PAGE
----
BOUND VOLUMES: December 3, 2020


December 3, 2020


Thanksgiving — Wednesday next is the day recommended by the Chief Magistrate of this State to be set apart for Public Thanksgiving and Prayer to Almighty God. The inhabitants of this County, being principally emigrants from New England, and accustomed to venerate the examples of their forefathers, it is presumed a recommendation so consonant with their practices, will meet with the most respectful consideration, and that setting aside the things of time and sense, they will, with one heart, join in devout aspirations of prayer and thanksgiving, for the innumerable mercies and benefactions of their common Father in Heaven.

December 4, 1820


Advertisement: Dentistry – William S. Barnard respectfully informs the inhabitants of Otsego and adjoining counties that he is located at Milford, for the practice of DENTAL SURGERY in all its branches. His office is on River Street, two doors south of the Presbyterian Church, upstairs, where he will be happy to wait upon those who will favor him with a call in the line of his profession. Teeth of his setting may be seen in the Village, which have been in use five years, proving perfectly satisfactory. All operations at the following prices will be warranted equal to any in the State of New York, or no charge: Whole set on gold plate — $65.00. Small plates, proportionately low. Teeth on pivot, each $1.50; filled with gold 65 cents; filled with composition 35 cents; Set of teeth cleansed 50 cents.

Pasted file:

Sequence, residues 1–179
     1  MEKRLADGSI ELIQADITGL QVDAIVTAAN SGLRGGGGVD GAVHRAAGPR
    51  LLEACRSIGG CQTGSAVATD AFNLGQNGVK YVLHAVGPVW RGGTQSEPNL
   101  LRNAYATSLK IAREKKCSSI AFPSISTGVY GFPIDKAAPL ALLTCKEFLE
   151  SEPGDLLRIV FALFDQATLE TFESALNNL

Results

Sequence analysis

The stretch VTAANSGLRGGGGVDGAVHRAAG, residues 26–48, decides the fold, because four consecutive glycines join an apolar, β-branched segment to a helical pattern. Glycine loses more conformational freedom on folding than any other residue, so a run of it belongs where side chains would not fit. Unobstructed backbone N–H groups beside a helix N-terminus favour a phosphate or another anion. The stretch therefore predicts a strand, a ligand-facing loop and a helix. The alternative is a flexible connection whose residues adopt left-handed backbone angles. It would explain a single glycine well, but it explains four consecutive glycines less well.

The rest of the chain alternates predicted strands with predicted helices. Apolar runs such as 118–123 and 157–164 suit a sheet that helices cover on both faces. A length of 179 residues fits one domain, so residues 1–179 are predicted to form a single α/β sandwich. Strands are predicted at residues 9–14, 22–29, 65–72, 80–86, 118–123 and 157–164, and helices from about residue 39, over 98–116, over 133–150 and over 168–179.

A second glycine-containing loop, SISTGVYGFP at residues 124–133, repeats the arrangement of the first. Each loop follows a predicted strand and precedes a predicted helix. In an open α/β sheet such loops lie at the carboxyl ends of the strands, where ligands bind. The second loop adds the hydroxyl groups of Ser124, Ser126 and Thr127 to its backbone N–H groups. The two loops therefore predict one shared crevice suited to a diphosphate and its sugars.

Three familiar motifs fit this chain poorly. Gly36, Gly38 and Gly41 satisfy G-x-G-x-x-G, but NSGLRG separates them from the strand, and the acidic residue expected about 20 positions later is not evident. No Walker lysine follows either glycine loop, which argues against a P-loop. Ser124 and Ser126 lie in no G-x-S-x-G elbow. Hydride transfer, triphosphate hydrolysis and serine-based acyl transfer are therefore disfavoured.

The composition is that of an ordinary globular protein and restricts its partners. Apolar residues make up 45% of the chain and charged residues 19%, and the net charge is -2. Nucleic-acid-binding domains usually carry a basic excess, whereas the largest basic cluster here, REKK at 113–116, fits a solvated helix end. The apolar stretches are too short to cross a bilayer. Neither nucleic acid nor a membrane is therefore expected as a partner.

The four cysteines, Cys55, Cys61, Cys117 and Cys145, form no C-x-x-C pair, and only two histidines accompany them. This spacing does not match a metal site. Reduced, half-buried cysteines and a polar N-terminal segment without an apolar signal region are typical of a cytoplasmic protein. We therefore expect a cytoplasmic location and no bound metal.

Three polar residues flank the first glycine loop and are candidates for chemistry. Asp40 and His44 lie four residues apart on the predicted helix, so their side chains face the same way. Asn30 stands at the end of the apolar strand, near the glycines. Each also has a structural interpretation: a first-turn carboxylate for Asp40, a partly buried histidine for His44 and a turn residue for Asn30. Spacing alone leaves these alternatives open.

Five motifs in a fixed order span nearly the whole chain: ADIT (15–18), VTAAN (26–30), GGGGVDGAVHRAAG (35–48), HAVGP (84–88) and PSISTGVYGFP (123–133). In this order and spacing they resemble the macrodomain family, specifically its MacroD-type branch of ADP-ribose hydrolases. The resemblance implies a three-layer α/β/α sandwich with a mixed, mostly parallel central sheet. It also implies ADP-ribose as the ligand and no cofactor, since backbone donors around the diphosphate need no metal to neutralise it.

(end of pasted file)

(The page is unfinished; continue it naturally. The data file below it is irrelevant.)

December 6, 1845


Death of our oldest citizen – Mr. Charles Thurston, the oldest resident of this village, died December 2, and was buried with Masonic honors on Sunday last. He was born in North Stonington, CT., July 2, 1780, and was in his ninety-first year. He had resided in this town 80 years, and in Cooperstown since 1816. Mr. T. was for many years in the employ of the Messrs. Phinney, who esteemed him an excellent and faithful workman. He was always an ardent Democrat, and when asked on November 8 whether he would go to the polls and vote for Hoffman, replied “Yes, if it kills me.”

December 8, 1870


Thanksgiving Day this year came on November 28 and the weather was superb – neither too warm, nor too cold, and the sun shining brightly all day long. The attendance at the Union services in the Methodist Church was quite large, and the sermon by the Rev. Mr. McHarg most appropriate and interesting, from the text: “Say not thou that the former days were better than these? For thou dost not consider wisely concerning this.” The material interests of the country were not discussed. The comparisons were along the line of the nation’s growth in education, morality and religion – “and there is a steady growth, and the former days were not better than these.” The discourse was one well calculated to turn away the thoughts of the hearers for the hour from the daily ambitions, cares and worries of life, and to afford cheer and courage in the contemplation of matters of higher import. A collection was taken for the benefit of The Thanksgiving Hospital.

December 5, 1895